By Katie Garwood | firstname.lastname@example.org
As she performed at Pizza Dina one weekend night, playing piano and singing covers as she did most every Friday and Saturday night, Jolie Wright couldn’t believe the crowd that had gathered to listen.
Filling the sidewalks and spilling into Hypolita Street, dozens of passersby stopped in their tracks, in awe of the voice they heard carrying throughout the bustling streets of downtown St. Augustine.
The smooth, powerful voice belonged to 21-year-old Jolie – her onstage moniker.
“I can’t even describe it,” Wright said. “There’s so many people out there and they’re all literally chanting my name and I was like, ‘What is going on right now?” It’s crazy to think about that. You don’t expect people to stop and listen, but they do. I’m so thankful that they do. Moments like that are crazy.”
For much of Wright’s singing career, her success has come as a surprise. Maybe not as much to others though as it has been to her.
As a 14 year old, Wright entered a songwriters competition, filled with seasoned artists, much more experienced than her – and won. And earlier this month, she was selected as Folio Weekly’s Best Female Vocalist in St. Augustine, an honor she didn’t even know she was nominated for.
“I was going on [to the voting website] to vote for somebody else,” Wright said. “I just saw my name. I was like, ‘What the heck? Time to start advertising. I’m late to the game already.’ So that was crazy. And then I won that, which was even crazier … I didn’t even think that St. Augustine would acknowledge me as that because the other people on the nominee list, they had been here for like over 10 years So I was like, how did I make this list in the first place?”
Her first gig at Pizza Dina in October 2017, at first, seemed like it wouldn’t happen. Wright sent a Facebook message to the restaurant asking if she could play on their patio. A month passed, and she hadn’t heard back. “That was a bust,” she thought. Until out of the blue, she received a response asking her to come sing for a night. After that, the restaurant wanted her every Friday and Saturday.
And she’s gained some loyal supporters in the process. With so many tourists passing through the city, she has fans from around the world. And some locals come out to her performances regularly.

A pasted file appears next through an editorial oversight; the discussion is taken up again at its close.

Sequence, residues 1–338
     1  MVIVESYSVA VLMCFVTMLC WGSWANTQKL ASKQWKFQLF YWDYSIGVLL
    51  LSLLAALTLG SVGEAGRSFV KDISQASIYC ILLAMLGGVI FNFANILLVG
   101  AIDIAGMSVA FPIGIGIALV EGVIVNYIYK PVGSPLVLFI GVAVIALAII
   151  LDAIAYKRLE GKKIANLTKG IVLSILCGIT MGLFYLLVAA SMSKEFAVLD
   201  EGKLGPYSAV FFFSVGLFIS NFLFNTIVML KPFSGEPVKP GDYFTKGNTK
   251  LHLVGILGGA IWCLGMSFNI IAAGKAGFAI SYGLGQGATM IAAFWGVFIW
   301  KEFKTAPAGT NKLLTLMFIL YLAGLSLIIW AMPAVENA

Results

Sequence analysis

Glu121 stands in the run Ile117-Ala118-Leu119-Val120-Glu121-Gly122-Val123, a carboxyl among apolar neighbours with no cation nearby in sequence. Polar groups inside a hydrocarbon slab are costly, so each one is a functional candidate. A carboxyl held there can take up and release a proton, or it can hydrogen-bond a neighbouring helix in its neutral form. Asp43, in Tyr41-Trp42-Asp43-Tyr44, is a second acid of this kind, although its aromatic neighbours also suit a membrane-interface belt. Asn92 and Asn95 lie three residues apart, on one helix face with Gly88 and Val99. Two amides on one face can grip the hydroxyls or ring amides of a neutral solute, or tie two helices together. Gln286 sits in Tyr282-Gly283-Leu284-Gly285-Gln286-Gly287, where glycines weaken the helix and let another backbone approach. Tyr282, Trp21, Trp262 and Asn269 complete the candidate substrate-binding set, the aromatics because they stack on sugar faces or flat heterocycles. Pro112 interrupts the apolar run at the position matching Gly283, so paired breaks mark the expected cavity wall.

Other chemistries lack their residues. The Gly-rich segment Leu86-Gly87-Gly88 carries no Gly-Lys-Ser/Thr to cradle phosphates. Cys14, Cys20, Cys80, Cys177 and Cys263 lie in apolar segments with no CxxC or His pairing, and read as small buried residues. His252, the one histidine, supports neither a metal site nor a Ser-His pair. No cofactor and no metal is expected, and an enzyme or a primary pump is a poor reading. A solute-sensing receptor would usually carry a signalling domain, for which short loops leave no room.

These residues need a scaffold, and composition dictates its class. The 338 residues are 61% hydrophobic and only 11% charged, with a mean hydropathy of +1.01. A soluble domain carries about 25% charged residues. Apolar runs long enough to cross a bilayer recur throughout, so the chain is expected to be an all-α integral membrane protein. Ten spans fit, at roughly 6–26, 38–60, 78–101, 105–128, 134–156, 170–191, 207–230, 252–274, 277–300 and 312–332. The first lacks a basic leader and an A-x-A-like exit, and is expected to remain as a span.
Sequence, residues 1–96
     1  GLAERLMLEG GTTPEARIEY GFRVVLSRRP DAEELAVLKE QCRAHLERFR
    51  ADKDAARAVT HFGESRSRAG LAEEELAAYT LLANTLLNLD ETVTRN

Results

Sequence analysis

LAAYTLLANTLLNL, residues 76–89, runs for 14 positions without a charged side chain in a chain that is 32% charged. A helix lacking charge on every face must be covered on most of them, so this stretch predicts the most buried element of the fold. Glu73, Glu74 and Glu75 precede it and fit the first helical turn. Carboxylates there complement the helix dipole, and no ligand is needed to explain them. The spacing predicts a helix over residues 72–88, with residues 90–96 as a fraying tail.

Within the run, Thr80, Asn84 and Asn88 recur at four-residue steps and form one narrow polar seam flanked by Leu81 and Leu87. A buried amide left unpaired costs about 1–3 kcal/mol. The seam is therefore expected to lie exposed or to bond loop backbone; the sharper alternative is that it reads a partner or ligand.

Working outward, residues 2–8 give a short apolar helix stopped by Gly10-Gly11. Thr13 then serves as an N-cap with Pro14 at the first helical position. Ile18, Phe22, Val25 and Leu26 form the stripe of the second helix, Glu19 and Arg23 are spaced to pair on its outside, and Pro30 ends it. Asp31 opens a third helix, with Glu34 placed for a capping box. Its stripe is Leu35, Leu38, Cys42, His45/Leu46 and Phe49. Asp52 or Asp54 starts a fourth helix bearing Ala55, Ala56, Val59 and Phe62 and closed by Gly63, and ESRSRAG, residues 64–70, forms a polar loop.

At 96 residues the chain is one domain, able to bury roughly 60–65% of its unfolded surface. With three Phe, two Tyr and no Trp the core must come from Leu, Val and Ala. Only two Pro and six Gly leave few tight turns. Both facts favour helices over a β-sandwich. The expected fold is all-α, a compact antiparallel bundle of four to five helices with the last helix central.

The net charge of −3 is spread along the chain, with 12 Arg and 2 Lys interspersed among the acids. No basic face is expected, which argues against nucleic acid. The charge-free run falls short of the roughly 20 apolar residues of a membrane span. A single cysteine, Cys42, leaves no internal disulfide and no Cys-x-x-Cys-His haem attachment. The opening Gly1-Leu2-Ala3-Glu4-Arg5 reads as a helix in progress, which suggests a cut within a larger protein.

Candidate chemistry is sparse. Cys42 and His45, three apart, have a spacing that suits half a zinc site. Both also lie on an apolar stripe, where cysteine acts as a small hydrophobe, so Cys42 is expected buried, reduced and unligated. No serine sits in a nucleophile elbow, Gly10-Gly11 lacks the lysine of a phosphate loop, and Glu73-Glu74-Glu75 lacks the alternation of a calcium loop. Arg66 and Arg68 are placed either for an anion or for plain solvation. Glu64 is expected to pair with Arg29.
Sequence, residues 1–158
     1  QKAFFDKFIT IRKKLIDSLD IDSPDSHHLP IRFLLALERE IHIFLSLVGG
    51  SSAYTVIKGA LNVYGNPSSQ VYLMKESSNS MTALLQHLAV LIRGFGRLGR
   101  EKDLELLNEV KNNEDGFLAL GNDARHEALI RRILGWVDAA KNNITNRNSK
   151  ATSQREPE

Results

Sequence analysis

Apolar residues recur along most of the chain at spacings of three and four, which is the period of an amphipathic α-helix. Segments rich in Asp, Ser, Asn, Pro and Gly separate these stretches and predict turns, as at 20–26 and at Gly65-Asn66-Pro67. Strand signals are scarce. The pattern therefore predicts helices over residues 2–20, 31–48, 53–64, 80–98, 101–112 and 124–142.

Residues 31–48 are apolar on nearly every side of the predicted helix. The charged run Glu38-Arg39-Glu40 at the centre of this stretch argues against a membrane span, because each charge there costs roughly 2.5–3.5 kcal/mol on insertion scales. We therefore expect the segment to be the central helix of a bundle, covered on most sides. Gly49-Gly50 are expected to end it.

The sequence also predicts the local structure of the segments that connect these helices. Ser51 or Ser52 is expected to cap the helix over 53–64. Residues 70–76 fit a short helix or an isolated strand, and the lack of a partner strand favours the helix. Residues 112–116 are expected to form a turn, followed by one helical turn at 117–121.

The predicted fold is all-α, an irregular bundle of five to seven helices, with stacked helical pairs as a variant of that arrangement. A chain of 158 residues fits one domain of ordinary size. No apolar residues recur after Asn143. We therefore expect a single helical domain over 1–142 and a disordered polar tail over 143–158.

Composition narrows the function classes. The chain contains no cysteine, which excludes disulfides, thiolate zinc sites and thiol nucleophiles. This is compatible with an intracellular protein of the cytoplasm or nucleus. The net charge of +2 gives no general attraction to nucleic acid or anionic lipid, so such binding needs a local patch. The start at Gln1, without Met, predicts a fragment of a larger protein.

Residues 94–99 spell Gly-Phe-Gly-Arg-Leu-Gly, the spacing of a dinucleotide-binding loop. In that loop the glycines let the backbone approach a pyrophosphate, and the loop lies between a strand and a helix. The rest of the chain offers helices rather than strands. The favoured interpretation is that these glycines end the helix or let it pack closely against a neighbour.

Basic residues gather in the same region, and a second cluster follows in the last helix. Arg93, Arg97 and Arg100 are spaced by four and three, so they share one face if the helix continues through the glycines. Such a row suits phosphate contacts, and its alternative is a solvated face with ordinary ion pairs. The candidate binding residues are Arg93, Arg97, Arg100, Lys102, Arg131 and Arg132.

“I have one couple who comes, like every week,” she said. “Do you ever get tired of listening to me? I feel like I would.”
Since Pizza Dina closed in October, Wright has found a home performing at other venues in the city, such as Colonial Oak Music Park, Prohibition Kitchen and Casa de Vino.
But while she loves the St. Augustine crowds, Wright said she has bigger goals for her career. In December, Wright auditioned for “America’s Got Talent.” She’ll know in the next couple months if she advances. In April, she plans to release her own, original music. She called her music “acoustic indie,” and always stripped down – “very acoustic and organic sounding.”
“I’m not going to say like I want to be like Taylor Swift, like the biggest pop star there ever was,” she said. “I think the end goal for me is just to be in a place where I can make money off of what I’m doing now. However much that is, I don’t really care. But enough to live off of and be comfortable and to be able to just tour and show up in a state. Not Florida, not St. Augustine, and people would actually show up … That’s somewhere to start. Maybe I’ll dream bigger one day.”
Shy and reserved as a child, Wright’s passion for singing seemed unexpected. Apprehensive about performing in public, Wright forced herself to step outside her comfort zone. She first started performing publicly when she was 14. Performing now, she said, is second nature.
While Wright’s whole family is musically inclined, she’s the only one to pursue it professionally. Her mother plays piano, her father sings and plays guitar. Her sisters sing too. And they’ve been encouraging of her choice to do so. At first, Wright’s parents thought it was “a childhood fantasy,” but as she got older, the bug to play music professionally never went away.
“They didn’t really think it would like go anywhere,” she said. “I didn’t think it would go anywhere honestly, but they’ve been super supportive. They’ve signed me up for competitions and stuff because they thought it could happen. You don’t know. Even if they had their doubts, they’ve helped me out.”
And for that, Wright is lucky. Performing, she said, is the only job she would want to have.
“In a way, I just can’t help it,” she said. “There’s literally nothing in this world that I wanted to do more than music. So in high school when I had to start getting more serious about a career, I started thinking, if I’m going to do music, it’s now or never. I liked the idea of writing songs and putting them out there to the world so that people can relate to them. And maybe it can help somebody, someday, get through something.”